The 85th Annual Meeting of the American Association of Physical Anthropologists (2016)


Ethoinformatics II: Developing Open-Source Digital Data Services for Behavioral Field Research

ANTHONY DI FIORE1, KENNETH L. CHIOU2, MIKE CHEVETT3, ROBYN OVERSTREET4 and TOM IGOE4.

1Department of Anthropology, University of Texas at Austin, 2Department of Anthropology, Washington University, 3Freelance Software Developer, Ethoinformatics Project, 4Interactive Telecommunications Program, New York University

April 14, 2016 1:15, A 602 Add to calendar

One of the significant challenges for modern field researchers in the biological sciences involves collecting and managing large volumes of data of many distinct types, including systematic behavioral observations, digital photographs/audio/video, morphometrics, climatological records, voucher collections, and qualitative notes, all of which are usually associated with date, time, location, and other metainformation. Here, we describe the in-progress development of a framework of software tools and digital data services for addressing this challenge. This effort builds upon a core vocabulary (EthoCore) and data model (EthoGrammar) created with feedback from a large community of primate field biologists (the Ethoinformatics Working Group).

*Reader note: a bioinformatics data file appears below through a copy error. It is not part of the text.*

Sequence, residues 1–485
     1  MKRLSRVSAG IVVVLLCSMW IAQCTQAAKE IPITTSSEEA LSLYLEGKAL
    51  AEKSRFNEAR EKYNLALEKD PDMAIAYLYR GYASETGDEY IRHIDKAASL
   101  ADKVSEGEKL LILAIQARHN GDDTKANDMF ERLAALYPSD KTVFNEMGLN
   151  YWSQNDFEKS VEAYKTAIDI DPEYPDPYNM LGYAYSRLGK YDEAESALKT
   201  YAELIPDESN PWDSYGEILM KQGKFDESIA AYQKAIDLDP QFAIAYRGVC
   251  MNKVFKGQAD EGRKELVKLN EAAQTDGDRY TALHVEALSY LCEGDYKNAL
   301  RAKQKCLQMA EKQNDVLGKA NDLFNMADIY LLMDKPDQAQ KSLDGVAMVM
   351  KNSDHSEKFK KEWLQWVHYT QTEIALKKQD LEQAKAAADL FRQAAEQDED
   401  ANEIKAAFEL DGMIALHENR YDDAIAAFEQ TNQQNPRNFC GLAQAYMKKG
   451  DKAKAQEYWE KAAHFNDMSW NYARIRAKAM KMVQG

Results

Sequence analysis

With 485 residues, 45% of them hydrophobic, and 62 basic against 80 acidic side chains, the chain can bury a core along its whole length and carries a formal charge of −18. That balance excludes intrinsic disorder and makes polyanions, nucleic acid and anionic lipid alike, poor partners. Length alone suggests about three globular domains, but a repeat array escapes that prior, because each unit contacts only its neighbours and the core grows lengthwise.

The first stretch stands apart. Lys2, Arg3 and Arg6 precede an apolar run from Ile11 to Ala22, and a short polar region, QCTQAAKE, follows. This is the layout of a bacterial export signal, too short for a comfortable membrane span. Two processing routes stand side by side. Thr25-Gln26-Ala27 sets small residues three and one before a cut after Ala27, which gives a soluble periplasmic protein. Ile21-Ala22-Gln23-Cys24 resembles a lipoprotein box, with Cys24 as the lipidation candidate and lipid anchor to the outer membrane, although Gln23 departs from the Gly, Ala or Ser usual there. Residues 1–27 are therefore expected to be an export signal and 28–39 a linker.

Central to this framework are two components. The first is a customizable open-source software application for collecting location-stamped data in real time using the EthoCore vocabulary. This application is capable of running on various mobile platforms and is designed to work in remote field conditions where researchers often have inconsistent access to the Internet. The application stores data in a schema-agnostic, document-based “NoSQL” data archive, which is versatile enough to accommodate diverse existing data models. The second component is a web-based administrative panel that allows users to manage data exchange and synchronization across multiple handheld devices as well as local and remote servers. All of these data services are being developed to operate using the same fundamental technologies and information transfer protocols that underlie the functioning of the modern Internet (HTML5, CSS, JavaScript, HTTP/REST) and are being offered to the community as open-source tools for adoption and modification.

The Ethoinformatics Project is supported by NSF grants SMA 1338524, SMA 1338467, and SMA 1338452.